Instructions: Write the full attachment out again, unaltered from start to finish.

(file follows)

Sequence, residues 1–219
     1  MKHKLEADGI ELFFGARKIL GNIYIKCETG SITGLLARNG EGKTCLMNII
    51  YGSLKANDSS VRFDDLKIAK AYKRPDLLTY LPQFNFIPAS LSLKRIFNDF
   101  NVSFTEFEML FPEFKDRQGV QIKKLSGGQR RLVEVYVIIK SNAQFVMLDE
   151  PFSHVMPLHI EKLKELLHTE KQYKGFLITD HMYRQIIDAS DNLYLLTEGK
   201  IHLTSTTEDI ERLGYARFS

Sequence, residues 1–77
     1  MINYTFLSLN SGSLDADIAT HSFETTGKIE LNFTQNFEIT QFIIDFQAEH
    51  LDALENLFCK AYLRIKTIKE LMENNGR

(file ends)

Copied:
Sequence, residues 1–219
     1  MKHKLEADGI ELFFGARKIL GNIYIKCETG SITGLLARNG EGKTCLMNII
    51  YGSLKANDSS VRFDDLKIAK AYKRPDLLTY LPQFNFIPAS LSLKRIFNDF
   101  NVSFTEFEML FPEFKDRQGV QIKKLSGGQR RLVEVYVIIK SNAQFVMLDE
   151  PFSHVMPLHI EKLKELLHTE KQYKGFLITD HMYRQIIDAS DNLYLLTEGK
   201  IHLTSTTEDI ERLGYARFS

Sequence, residues 1–77
     1  MINYTFLSLN SGSLDADIAT HSFETTGKIE LNFTQNFEIT QFIIDFQAEH
    51  LDALENLFCK AYLRIKTIKE LMENNGR